'All property, he pointed out, in his genial way, had had its origin in violence and theft; in the Kimberley diamond mines and the Rand gold mines the transition of robbery into property was going on under the nose of the world. "No good to the community, of any sort or kind, results from the private ownership of land. If men were reasonable they would decree that it should cease tomorrow, with no compensation beyond a moderate life-income to the present holders".
'Since private property is protected by the state, and the robberies that make property are sanctioned by legislation and enforced by arms and war, the state is a great evil; and it would be well if most of its functions were taken over by cooperatives and producers' syndicates. Personality and individ-uality are crushed into rote conformity by our societies; only the greater safety and orderliness of modern life can reconcile us to the state'.
'Freedom is the supreme good; for without it personality is impossible. Life and knowledge are today so complex, that only by free discussion can we pick our way through errors and prejudices to that total perspective which is truth. Let men, let even teachers, differ and debate; out of such diverse opinions will come an intelligent relativity of belief which will not readily fly to arms; hatred and war come largely of fixed ideas or dogmatic faith. Freedom of thought and speech would go like a cleansing draught through the neuroses and superstitions of the "modern" mind'.
'For we are not so educated as we think; we are but beginning the great experiment of universal schooling; and it has not had time to affect profoundly our ways of thinking and our public life. We are building the equipment, but we are still primitive in methods and technique; we think of education as the transmission of a certain body of settled knowledge, when it should be rather the development of a scientific habit of mind. The distinctive feature of the unintelligent man is the hastiness and absoluteness of his opinions; the scientist is slow to believe, and never speaks without modification.
The larger use of science, and of scientific method, in education would give to us a measure of that intellectual conscience which believes only up to the evidence in hand, and is always ready to concede that it may be wrong. With such methods, education may prove the great solvent of our ills; it may even make of our children's children the new men and women who must come before the new society can appear. "The instinctive part of our character is very malleable. It may be changed by beliefs, by material circumstances, by social circumstances, and by institutions."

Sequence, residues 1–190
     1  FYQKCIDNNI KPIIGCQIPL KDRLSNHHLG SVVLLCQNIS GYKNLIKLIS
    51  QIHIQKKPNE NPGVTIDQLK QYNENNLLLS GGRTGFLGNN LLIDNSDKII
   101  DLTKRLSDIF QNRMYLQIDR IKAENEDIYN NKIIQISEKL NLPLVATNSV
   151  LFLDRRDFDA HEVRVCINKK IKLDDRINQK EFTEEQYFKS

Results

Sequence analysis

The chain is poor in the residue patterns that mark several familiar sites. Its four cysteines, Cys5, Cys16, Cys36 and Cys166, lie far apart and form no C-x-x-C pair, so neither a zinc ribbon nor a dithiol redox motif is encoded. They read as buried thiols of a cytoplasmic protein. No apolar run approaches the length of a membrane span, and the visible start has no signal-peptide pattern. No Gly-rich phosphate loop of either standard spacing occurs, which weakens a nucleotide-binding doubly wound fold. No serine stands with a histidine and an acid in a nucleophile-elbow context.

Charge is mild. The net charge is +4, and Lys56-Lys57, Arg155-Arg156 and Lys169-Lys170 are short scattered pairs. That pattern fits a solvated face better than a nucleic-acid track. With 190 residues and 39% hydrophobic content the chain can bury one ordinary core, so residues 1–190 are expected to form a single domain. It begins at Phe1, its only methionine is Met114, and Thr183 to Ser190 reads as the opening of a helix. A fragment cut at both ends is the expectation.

It is quite conceivable, for example, that education could mould opinion to admire art more than wealth, as in the days of the Renaissance, and could guide itself by the resolution "to promote all that is creative, and so to diminish the impulses and desires that centre round possession." This is the Principle of Growth, whose corollaries would be the two great commandments of a new and natural morality; first, the Principle of Reverence, that "the vitality of individuals and communities is to be promoted as far as possible"; and second, the Principle of Tolerance, that "the growth of one individual or one community is to be as little as possible at the expense of another".
'There is nothing that man might not do if our splendid organization of schools and universities were properly developed and properly manned, and directed intelligently to the reconstruction of human character. This, and not violent revolution, or paper legislation, is the way out of economic greed and international brutality. Man has come to control all other forms of life because he has taken more time in which to grow up; when he takes still more time, and spends that time more wisely, he may learn even to control and remake himself. Our schools are the open sesame to Utopia".
With the above brief review of Professor Will Durant on Bertrand Russell's philosophy with portraying him as 'reformer' at certain crux of the situation, with being on board a nostalgia train, I wish to conclude this write-up again with falling back on prologue of Russell's autobiography wherein he wrote, "With equal passion I have sought knowledge. I have wished to understand the hearts of men. I have wished to know why the stars shine. And I have tried to apprehend the Pythagorean power by which number holds sway above the flux. A little of this, but not much, I have achieved'."
'Love and knowledge, so far as they were possible, led upward toward the heavens. But always pity brought me back to earth. Echoes of cries of pains reverberate in my heart. Children in famines, victims tortured by oppressors, helpless old people a hatred burden to the sons, and the whole world of loneliness, poverty, and pains make a mockery of what human life should be. I long to alleviate the evil, but I cannot and I too suffer'. 'This has been my life. I have found it worth living and would gladly live it again if the chances were offered to me."
Bertrand Russell left this material world long time ago and now supposedly resting in the Multiversity or afterword with his philosophy and ideas, aptly portrayed in the vast canvas of his life-time work, still influencing the people who loved and adorned Russell as a passionate lover of humanity and tried to delve into his works by absorbing in brown studies with due reverence and adulation.
The writer is a former Civil Servant